Have you seen the show? Let us know what you think and join the conversation at the bottom of this article
White Christmas, Four Stars (out of five)
Edinburgh Playhouse, Greenside Place
By the end of the show the entire company and audience have joined him in the big reprise of the song made famous by Bing Crosby and a singalong certainly seemed the perfect way to end this festive feelgood celebration of post-war America.
It's Christmas Eve 1944 and General Henry Waverly interrupts a concert party led by GIs Bob Wallace and Phil Davis to take his leave of the 151st Division - the audience - as he prepares to leave the army behind and re-enter civilian life.
Fast forward 10 years, and Wallace and Davis are A-listers appearing on the Ed Sullivan Show where a twist of fate finds them hooking up with singing sensations, the Haynes Sisters, Betty and Judy, who they quickly fall in league, and eventually in love, with... although there are misunderstandings a plenty along the way as the four embark on an 'angle' to save The Columbia Inn, Pine Tree, Vermont, after discovering it’s owned by General Waverly who has sunk his pension and life savings into the hotel and is now facing bankruptcy.
As Bob Wallace, Matthew Jeans makes for a thoughtful protagonist with fluid dance moves as he delivers Stephen Mears' slinky choreography with snake hips and a smile.
With a wink to the audience and an ever present twinkle in his eye, Dan Burton charms the ladies and the audience with his ‘cheeky chappie’ take on Phil Davis.
Both have their stand out moments, for Jeans it's a fine delivery of Blue Skies to close Act One, while Burton comes into his own in the big production number, I Love A Piano, near the top of Act Two. The pair also have great fun and get the laughs they deserve in an amusing parody of the Haynes Sisters' number, Sisters. You know the one, 'Never were there such devoted... etc'.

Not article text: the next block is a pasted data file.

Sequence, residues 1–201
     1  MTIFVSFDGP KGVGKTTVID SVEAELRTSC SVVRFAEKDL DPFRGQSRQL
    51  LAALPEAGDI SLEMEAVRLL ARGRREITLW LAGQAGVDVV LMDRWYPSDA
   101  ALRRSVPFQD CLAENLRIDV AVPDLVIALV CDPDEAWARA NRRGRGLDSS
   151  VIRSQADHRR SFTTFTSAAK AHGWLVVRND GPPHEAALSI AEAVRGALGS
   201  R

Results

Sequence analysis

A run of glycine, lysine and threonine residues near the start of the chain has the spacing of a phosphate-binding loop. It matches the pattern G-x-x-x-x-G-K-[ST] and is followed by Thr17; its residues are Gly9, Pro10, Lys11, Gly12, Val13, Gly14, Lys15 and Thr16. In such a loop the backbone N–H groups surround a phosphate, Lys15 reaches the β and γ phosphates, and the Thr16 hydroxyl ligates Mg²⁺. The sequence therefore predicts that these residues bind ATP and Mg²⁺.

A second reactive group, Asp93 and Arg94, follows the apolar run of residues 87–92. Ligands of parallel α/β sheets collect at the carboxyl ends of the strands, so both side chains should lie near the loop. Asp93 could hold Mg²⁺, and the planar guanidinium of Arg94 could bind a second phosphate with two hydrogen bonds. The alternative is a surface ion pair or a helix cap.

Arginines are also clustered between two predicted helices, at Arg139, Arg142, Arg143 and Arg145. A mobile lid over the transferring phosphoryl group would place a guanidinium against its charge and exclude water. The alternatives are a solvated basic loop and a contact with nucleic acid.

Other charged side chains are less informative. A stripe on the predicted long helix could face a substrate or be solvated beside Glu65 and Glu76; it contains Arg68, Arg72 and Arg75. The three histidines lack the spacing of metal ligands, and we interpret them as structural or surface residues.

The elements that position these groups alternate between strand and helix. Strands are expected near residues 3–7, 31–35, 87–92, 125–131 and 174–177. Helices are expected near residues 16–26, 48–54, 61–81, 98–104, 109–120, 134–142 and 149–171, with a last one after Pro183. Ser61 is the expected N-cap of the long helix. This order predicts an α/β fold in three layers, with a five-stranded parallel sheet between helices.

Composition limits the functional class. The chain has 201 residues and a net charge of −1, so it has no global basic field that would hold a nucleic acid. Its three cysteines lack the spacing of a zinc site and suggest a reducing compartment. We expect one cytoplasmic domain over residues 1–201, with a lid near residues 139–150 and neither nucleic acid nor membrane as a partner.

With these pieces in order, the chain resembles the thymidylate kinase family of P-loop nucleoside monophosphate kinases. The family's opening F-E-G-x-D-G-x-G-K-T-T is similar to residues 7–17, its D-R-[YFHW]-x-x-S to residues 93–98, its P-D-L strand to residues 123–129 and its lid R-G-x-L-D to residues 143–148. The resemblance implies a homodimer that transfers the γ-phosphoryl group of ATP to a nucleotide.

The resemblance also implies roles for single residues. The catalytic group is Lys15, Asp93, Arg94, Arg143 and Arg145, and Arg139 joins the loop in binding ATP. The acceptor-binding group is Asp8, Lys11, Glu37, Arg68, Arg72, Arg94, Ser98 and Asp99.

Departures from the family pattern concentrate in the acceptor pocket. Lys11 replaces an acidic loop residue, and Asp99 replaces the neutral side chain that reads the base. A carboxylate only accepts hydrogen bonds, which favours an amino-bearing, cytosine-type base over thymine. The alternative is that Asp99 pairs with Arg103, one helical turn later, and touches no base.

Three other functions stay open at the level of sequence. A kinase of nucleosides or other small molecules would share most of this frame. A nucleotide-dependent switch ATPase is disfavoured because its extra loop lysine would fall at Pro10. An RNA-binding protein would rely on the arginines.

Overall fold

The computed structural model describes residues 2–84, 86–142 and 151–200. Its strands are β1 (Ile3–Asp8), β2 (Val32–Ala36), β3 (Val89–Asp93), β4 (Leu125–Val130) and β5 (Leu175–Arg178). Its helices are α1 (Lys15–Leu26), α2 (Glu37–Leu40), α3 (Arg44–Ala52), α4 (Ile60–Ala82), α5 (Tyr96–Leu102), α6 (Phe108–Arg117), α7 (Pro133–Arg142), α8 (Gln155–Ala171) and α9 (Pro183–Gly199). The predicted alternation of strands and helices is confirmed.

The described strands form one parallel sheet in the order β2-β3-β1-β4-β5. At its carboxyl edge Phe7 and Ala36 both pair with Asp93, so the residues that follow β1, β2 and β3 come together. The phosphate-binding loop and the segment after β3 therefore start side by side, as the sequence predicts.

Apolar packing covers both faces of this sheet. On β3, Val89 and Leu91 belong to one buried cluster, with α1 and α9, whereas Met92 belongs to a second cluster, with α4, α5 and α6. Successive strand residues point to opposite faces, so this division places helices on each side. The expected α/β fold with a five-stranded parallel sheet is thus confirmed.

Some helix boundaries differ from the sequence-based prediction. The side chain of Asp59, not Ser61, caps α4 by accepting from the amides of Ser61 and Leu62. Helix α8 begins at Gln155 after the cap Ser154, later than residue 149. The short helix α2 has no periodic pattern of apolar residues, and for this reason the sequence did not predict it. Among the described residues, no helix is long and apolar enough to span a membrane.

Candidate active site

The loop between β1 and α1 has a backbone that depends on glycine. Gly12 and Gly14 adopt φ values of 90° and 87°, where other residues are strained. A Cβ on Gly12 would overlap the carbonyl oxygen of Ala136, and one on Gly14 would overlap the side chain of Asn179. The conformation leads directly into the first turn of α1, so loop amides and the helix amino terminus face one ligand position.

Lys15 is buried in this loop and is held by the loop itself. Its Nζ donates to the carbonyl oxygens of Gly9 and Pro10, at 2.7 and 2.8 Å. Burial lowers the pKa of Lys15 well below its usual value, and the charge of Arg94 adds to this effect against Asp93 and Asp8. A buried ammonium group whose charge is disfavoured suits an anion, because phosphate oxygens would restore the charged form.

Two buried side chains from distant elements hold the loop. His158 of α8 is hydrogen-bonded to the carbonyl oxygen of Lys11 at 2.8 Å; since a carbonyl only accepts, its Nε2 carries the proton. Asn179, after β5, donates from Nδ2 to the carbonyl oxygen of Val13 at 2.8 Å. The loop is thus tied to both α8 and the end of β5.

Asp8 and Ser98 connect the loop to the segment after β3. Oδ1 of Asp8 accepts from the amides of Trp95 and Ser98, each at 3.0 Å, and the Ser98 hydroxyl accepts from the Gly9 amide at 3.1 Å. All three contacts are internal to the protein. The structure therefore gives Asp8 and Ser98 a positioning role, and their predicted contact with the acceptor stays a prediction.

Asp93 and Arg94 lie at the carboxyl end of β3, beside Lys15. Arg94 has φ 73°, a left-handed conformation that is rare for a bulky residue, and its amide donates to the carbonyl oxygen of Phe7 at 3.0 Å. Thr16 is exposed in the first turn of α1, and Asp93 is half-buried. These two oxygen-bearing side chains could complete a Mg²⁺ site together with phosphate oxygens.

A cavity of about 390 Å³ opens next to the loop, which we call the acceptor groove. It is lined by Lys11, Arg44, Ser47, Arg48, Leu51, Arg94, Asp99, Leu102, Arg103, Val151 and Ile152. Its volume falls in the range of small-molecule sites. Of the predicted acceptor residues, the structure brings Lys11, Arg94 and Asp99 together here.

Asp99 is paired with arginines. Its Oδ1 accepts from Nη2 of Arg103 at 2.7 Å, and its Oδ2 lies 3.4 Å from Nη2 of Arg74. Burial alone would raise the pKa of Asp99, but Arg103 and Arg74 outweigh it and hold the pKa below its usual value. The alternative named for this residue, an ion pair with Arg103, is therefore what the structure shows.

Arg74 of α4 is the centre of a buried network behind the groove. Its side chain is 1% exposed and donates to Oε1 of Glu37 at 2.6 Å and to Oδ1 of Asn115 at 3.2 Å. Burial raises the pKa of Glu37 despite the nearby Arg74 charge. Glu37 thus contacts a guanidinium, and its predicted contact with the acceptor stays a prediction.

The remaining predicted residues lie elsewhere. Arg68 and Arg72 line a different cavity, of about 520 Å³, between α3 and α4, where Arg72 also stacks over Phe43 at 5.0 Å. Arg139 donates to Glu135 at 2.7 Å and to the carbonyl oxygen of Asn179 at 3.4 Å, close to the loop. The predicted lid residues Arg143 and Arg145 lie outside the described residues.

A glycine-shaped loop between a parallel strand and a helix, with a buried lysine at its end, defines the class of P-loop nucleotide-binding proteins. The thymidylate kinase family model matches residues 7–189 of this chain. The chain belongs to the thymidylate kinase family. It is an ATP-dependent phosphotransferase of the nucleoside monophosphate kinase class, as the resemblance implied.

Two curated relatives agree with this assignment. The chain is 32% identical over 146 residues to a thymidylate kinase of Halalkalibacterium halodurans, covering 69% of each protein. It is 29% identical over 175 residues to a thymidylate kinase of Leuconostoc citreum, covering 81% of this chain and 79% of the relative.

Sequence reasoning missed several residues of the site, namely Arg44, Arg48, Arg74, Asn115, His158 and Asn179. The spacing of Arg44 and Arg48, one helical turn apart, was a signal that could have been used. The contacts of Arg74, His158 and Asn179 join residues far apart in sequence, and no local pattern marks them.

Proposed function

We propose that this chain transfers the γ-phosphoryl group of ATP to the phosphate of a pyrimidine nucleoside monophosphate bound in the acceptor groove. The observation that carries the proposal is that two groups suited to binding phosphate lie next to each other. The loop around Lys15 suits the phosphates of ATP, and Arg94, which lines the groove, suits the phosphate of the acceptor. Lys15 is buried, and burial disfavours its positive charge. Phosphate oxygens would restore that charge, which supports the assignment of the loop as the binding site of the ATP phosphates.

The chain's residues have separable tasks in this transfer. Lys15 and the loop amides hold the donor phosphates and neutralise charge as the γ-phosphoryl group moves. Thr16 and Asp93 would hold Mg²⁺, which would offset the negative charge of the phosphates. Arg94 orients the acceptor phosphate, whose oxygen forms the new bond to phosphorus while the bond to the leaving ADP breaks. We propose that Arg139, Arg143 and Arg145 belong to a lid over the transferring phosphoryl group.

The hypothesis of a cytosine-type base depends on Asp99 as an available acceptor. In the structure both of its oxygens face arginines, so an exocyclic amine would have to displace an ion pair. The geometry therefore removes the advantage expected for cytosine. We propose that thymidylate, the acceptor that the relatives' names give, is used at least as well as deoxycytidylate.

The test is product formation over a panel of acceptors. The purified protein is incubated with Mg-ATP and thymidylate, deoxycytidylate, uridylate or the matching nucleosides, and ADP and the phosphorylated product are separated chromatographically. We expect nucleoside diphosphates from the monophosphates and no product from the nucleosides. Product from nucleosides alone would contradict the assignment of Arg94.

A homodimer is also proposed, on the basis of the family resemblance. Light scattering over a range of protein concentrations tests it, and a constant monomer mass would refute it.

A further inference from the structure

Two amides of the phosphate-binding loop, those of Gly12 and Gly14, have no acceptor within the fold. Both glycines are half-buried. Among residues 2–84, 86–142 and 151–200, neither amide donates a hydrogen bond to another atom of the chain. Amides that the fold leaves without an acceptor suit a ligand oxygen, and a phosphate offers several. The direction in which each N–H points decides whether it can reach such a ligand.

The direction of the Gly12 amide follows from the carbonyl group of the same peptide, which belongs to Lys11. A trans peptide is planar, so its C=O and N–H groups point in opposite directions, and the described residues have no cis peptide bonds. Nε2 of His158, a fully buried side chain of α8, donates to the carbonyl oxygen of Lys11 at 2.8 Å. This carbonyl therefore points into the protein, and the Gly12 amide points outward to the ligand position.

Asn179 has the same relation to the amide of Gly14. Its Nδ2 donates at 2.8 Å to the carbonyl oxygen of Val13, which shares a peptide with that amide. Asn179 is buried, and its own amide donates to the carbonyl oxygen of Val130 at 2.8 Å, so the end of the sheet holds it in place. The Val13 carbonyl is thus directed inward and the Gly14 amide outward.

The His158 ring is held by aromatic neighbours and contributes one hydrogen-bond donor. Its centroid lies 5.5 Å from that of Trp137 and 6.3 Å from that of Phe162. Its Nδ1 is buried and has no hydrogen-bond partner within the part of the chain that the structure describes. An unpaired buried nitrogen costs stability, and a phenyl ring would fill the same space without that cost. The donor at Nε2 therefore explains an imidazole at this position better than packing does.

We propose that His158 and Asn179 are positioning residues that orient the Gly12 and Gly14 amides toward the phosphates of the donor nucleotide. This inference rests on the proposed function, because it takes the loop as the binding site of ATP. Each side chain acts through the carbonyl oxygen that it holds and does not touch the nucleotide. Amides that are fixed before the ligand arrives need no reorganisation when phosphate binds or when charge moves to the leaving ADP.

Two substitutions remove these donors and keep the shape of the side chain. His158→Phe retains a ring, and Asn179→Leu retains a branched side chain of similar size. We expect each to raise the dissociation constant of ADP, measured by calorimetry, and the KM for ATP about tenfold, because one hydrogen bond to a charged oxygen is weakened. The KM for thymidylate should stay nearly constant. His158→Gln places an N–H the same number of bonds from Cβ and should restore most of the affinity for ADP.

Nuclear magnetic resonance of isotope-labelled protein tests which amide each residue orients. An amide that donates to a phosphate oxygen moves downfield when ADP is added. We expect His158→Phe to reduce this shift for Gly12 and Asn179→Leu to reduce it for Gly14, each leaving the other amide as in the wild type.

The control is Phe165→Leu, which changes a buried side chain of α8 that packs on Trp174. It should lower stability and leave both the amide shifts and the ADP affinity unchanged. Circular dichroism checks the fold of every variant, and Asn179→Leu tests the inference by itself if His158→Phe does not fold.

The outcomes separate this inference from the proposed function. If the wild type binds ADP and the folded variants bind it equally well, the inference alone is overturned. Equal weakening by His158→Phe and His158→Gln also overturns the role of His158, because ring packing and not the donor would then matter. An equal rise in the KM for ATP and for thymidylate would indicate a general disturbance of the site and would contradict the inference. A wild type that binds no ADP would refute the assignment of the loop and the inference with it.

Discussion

And talking of the Haynes girls, Jessica Daley makes Betty an easy to love creation while her rich warm vocals are a highlight of the production. Emily Langham's Judy, meanwhile, is a wonderfully bossy yet immensely likeable character. Together they bounce off each other perfectly.
As the General, Duncan Smith could have walked straight off the battlefield. Stoic, yet with a deeply caring heart hidden beneath his gruff exterior, he is the perfect foil for Sally Ann Triplett's gloriously camp Martha Watson, manager of The Columbia Inn, one time Broadway belter and President of Busibodies Anonymous.
Triplett is funny, sassy and brings an infectious energy to every scene she appears in making this White Christmas her show. It’s her performance alone that wins the show a fourth star although a special shout must also go to Kraig Thornber's Ezekiel, who steals a scene or two.
Slick choreography, big set pieces and confident direction by Ian Talbot make this production a pleasantly laid back experience with just the right amount of Christmas spirit, relying instead on a moving finale to capture the true meaning of the season.
Runs until January 2